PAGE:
using System.Collections.Generic;
using System.Linq;
using System.Text;
using System.IO;

namespace FlatFileBCSModel.BdcModel1
{
public class FlatFileEntityService
{
public static FlatFileEntity ReadItem(string id)
{
foreach (FlatFileEntity entity in GetAllEntities())
{
if (entity.ID == id)
return entity;
}
return null;
}

public static IEnumerable<FlatFileEntity> ReadList()
{
return GetAllEntities().ToArray();
}

public static List<FlatFileEntity> GetAllEntities()
{
List<FlatFileEntity> flatFileEntityList = new List<FlatFileEntity>();

TextReader textReader = new StreamReader(@"c:dataflat-file-data-source.txt");

string row;

while ((row = textReader.ReadLine()) != null)
{
FlatFileEntity flatFileEntity = new FlatFileEntity();

string[] entityData = row.Split(',');

flatFileEntity.ID = entityData[0];
flatFileEntity.Company = entityData[1];
flatFileEntity.FirstName = entityData[2];
flatFileEntity.LastName = entityData[3];
flatFileEntity.Address = entityData[4];
flatFileEntity.City = entityData[5];
flatFileEntity.State = entityData[6];
flatFileEntity.ZipCode = entityData[7];
flatFileEntity.Phone = entityData[8];
flatFileEntity.LastUpdated = DateTime.Parse(entityData[9]);
flatFileEntityList.Add(flatFileEntity);
}

textReader.Close();

return flatFileEntityList;
}
}
}

As previously mentioned, the assembly which is created when this code is compiled is referred to as a .NET Assembly Connector.

After the entity and entity service are defined it is possible to create the BDC Model which defines how to connect to the data source, how to query it, and what type of information it returns. The BDC Explorer and the BDC Model designer are used to define the BDC Model. Both of these new VS 2010 components are described below.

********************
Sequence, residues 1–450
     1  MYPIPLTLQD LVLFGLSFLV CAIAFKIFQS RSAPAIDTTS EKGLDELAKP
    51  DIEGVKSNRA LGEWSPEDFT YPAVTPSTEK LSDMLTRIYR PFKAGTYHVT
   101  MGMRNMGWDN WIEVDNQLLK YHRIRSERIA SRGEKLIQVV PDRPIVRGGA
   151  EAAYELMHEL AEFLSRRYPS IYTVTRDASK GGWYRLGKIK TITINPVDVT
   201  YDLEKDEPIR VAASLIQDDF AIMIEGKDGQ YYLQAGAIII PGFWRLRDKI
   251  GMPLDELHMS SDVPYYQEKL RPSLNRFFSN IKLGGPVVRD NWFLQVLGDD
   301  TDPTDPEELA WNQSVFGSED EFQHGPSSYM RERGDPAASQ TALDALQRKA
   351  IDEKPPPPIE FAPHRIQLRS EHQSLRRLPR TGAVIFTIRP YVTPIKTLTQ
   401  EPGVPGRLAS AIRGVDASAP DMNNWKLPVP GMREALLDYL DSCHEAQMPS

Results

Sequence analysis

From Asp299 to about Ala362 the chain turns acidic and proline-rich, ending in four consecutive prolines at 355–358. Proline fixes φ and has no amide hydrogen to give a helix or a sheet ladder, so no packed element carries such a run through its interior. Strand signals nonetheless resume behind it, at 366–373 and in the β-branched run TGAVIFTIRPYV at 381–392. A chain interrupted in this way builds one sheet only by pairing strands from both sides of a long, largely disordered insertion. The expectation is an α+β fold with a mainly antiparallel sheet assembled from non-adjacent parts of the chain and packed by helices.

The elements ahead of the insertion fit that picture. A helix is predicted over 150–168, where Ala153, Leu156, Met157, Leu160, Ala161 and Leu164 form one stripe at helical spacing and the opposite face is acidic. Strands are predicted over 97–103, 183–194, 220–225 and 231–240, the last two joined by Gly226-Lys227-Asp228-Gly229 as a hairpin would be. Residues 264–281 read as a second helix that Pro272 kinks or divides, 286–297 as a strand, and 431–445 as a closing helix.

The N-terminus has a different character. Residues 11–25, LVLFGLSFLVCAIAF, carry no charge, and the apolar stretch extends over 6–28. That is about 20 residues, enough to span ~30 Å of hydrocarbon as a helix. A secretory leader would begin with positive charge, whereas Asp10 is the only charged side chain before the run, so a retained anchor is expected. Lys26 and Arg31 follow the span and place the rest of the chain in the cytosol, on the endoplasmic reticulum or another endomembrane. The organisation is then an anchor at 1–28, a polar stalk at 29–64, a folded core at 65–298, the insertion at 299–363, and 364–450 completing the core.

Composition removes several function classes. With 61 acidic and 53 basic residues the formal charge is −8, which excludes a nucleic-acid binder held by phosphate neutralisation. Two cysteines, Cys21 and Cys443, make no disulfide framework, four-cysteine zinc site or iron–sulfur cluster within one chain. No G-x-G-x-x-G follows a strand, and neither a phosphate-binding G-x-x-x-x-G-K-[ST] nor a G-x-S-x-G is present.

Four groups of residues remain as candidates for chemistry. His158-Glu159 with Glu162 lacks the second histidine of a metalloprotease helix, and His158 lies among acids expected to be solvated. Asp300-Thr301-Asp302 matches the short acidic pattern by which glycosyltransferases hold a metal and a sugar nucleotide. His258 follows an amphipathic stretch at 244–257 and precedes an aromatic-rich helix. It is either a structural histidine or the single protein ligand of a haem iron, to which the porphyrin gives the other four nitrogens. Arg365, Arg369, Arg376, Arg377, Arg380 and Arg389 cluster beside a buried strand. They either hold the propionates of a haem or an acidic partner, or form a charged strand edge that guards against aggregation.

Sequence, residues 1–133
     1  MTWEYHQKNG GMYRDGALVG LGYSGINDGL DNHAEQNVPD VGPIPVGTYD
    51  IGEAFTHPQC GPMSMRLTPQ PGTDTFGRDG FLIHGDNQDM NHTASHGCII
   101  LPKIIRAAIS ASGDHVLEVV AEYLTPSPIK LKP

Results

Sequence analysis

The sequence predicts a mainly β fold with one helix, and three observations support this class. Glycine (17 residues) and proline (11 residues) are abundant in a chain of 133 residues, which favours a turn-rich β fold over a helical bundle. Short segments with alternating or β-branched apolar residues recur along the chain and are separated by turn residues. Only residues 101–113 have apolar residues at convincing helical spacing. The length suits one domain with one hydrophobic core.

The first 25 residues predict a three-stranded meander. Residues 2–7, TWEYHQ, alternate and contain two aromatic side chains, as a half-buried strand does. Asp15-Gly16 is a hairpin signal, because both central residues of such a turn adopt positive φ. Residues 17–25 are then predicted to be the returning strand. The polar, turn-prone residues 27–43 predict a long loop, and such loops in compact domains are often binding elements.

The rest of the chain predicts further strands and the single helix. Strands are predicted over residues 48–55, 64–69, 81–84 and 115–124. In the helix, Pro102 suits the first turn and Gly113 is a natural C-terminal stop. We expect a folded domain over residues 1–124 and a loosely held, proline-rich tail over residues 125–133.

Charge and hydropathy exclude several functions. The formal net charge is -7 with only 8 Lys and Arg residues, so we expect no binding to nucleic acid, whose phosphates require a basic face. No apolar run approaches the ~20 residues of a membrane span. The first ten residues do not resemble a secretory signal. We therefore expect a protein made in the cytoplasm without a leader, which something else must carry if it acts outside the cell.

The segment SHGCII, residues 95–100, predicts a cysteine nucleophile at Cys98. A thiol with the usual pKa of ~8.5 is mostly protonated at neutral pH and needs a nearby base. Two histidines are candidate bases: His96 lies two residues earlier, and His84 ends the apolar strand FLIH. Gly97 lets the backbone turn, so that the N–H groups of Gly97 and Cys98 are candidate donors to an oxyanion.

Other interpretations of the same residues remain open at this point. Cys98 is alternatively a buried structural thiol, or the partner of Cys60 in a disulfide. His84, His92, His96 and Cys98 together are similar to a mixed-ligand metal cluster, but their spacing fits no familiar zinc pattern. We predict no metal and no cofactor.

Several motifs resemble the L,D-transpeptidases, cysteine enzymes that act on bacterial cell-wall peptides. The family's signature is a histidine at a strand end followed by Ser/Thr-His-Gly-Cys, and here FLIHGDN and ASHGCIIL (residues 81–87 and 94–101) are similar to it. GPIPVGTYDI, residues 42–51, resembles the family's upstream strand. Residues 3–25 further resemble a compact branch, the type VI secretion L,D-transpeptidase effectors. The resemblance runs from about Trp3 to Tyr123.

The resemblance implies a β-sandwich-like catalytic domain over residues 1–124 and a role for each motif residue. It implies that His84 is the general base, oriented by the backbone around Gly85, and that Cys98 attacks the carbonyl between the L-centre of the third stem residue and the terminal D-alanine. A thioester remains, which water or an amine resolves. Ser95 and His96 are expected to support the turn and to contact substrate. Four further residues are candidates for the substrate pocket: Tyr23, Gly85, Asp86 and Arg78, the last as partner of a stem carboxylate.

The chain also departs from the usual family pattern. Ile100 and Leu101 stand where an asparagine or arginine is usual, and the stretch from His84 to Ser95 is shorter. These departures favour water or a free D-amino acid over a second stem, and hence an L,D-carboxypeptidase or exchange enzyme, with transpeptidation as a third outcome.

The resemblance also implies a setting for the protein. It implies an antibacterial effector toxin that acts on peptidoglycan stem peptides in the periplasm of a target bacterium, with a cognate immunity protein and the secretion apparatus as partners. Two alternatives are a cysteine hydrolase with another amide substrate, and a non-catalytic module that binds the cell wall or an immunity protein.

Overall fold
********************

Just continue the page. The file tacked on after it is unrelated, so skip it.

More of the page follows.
BDC Explorer

Visual Studio 2010 now includes the BDC Explorer (shown below) which may be used to create the BDC Model.

BDC Explorer

The BDC Explorer works with the Properties window to allow you to inspect and modify the BDC Model. The screenshot below demonstrates this. When Identifier 1 is selected in the BDC Explorer the corresponding properties are displayed in the Properties window.

BDC Explorer and Properties

BDC Model Designer

Visual Studio 2010 now includes the BDC Model Designer (shown below) which is used to create the BDC Model.

BDC Model Designer

The BDC Model Designer works just like the BDC Explorer with the Properties window.

Defining the BDC Model

In this series of steps the mappings between the .NET Assembly Connector and the BDC are defined.
  1. To begin, open the BDC Explorer by right clicking on the BDCModel1.bdcm file in the Solution Explorer and selecting Open. You will notice the BDC Model Designer opens.
  2. Then, in the View Menu, select Other Windows and select BDC Explorer.